Classes in high school piggy back on things learned in Envirothon which helps, Plourde noted.


Sophomores Megan Craig and Kasey Burns are on the team using Moose Hill Pond in Livermore Falls. Juniors Ava Coates and Sophie Bernard are other teammates.

Soils is Craig’s favorite subject. “I love learning about the different nutrients needed,” she said.

“I like learning everything Envirothon has to teach us,” Burns said.

There is a lot of information, it can get really confusing, Craig said. “Mr. Taylor and Mr. Baker are really good at explaining it, they do a really good job,” she noted.

“Once you get it, it is so very satisfying,” Burns added.

The team of sophomore Brenden Veilleux and freshmen Skylar Condon, Avery Ryder, Mary Lovewell and Bluebell Chen chose Molasses Pond in Eastbrook as their current issue site. Ryder’s family has a camp there.


“I can learn different things, apply them to my life,” Veilleux noted. He enjoys gardening and understanding soil chemistry helps him better understand what isn’t working, what to change to make his garden flourish.

“I like working in a team, sharing ideas,” Condon said.

“I am pretty creative, I like to plan and work on the posters,” Ryder said.

“Coming together as a team will be difficult when we have to start working on the presentation,” Veilleux said. Incorporating everything learned in the presentation could be a challenge, he noted.

Deciding on the presentation, getting it started was a concern for Condon.

“It can be confusing if someone is not here and we have to fill them in on what has been done,” Ryder added.


Parker Pond is the current issue site for the team comprised of sophomores Leah Burgess and Elizabeth Grondin plus juniors Owen Schwab, Daniel Wilson and Abrahm Geissinger. Burgess, Schwab, Wilson and Geissinger were on the team that won the state competition last year. Geissinger was not able to compete at nationals due to a family commitment.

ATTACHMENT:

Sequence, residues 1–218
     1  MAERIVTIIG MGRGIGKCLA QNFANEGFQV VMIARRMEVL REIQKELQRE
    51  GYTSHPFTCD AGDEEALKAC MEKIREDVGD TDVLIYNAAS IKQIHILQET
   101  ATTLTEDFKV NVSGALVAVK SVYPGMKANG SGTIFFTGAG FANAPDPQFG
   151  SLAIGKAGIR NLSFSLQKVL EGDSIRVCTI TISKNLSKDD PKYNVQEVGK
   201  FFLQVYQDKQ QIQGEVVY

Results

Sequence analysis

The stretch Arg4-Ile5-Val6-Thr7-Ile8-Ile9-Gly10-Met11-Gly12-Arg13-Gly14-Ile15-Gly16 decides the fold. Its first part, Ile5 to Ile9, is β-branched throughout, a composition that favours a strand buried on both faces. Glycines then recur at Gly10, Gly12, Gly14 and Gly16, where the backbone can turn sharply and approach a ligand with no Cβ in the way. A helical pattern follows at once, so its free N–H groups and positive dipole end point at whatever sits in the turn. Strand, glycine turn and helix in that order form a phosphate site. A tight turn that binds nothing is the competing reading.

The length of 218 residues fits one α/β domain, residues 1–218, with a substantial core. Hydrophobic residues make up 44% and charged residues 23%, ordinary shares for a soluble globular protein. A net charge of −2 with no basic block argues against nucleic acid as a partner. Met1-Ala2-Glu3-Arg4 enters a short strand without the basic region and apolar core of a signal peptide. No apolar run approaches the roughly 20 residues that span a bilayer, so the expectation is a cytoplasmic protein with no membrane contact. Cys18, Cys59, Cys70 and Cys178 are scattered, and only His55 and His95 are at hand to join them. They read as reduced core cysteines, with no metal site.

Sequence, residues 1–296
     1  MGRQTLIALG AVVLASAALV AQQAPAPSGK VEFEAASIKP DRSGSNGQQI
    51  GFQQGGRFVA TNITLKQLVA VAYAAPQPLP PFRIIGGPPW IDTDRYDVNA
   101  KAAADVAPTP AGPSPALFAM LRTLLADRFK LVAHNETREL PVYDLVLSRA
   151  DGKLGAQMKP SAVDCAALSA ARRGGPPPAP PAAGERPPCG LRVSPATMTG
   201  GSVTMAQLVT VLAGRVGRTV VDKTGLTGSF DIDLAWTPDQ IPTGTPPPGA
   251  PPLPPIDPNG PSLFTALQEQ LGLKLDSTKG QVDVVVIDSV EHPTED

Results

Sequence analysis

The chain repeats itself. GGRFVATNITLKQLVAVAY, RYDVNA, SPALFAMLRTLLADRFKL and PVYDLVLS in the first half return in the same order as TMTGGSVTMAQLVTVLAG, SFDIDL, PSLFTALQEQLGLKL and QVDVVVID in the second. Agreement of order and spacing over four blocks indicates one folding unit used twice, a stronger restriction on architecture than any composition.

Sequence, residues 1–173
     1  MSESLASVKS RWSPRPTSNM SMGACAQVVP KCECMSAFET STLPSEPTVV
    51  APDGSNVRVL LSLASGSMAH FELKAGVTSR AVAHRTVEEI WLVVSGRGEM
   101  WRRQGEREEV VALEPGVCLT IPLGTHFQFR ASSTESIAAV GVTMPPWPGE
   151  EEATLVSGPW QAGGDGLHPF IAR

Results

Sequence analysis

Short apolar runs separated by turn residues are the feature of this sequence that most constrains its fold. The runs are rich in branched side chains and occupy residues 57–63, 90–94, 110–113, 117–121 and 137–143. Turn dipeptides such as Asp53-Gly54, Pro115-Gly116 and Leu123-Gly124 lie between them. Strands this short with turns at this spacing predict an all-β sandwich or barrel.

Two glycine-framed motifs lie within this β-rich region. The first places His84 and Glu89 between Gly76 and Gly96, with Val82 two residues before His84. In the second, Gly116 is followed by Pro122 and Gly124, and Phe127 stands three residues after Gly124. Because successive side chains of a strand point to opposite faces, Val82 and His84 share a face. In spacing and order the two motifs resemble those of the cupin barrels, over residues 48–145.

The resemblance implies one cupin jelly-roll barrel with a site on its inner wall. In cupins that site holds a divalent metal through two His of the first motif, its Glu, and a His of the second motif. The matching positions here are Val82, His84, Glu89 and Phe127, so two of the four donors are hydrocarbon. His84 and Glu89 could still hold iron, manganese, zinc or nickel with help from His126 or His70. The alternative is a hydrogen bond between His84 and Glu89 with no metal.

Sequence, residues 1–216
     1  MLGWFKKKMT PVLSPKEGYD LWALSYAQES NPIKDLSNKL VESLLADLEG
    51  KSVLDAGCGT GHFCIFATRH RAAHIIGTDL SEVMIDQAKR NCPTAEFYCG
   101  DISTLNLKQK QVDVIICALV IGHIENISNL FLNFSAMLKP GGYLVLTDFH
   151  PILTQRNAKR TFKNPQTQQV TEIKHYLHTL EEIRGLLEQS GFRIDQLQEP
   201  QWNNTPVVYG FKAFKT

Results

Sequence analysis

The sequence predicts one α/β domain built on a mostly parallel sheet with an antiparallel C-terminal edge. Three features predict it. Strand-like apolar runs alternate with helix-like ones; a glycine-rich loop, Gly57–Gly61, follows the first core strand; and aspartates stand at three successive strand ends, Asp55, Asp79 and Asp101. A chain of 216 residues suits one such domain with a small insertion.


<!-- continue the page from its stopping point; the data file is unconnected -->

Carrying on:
“Envirothon opens your eyes to other opportunities, different career paths,” Burgess noted.

Information obtained through Envirothon is useful in situations even when not thinking about the environment, Schwab said. “The opportunity to problem-solve is always fun,” he added.

“I like the knowledge Envirothon gives me,” Wilson said. “Learning the different elements and their effect on things.”

Geissinger likes the competition between teams.

The most challenging thing for Burgess is the many options for the current issue, which ones to include for the best presentation in the amount of time available.


Schwab noted holding all of the current-issue topics in his head and keeping them organized. Having an in-person Envirothon will be different, but having access to the soil pit and trees could help jog memories, he said.

For Wilson, knowing what he doesn’t know is a challenge.

Geissinger said the current issue changing every year is challenging, since not all materials studied can be used again.

Another challenge for this team is switching from the 20-minute presentation format for nationals last year to the five-minute one allowed at the state competition this year.

Later Taylor said the team consisting of freshmen Cole Richards and Connor Roy, sophomore Alex Grimaldi plus juniors Jenavieve Feith and Mackenzie Michaud are using Long and Round Ponds in Livermore.

Envirothon is managed and directed by National Conservation Foundation with local and state Soil and Water Conservation Districts hosting the competitions. Four regional competitions will be held around the state May 18-23.

Taylor said teams scoring in the top 20% at each regional will be eligible to compete at the state competition June 3 in Augusta.

The national event is July 24-30 at Miami University in Oxford, Ohio.

“We are rebuilding the Envirothon machine at Spruce Mountain,” Taylor said. “It’s exciting.”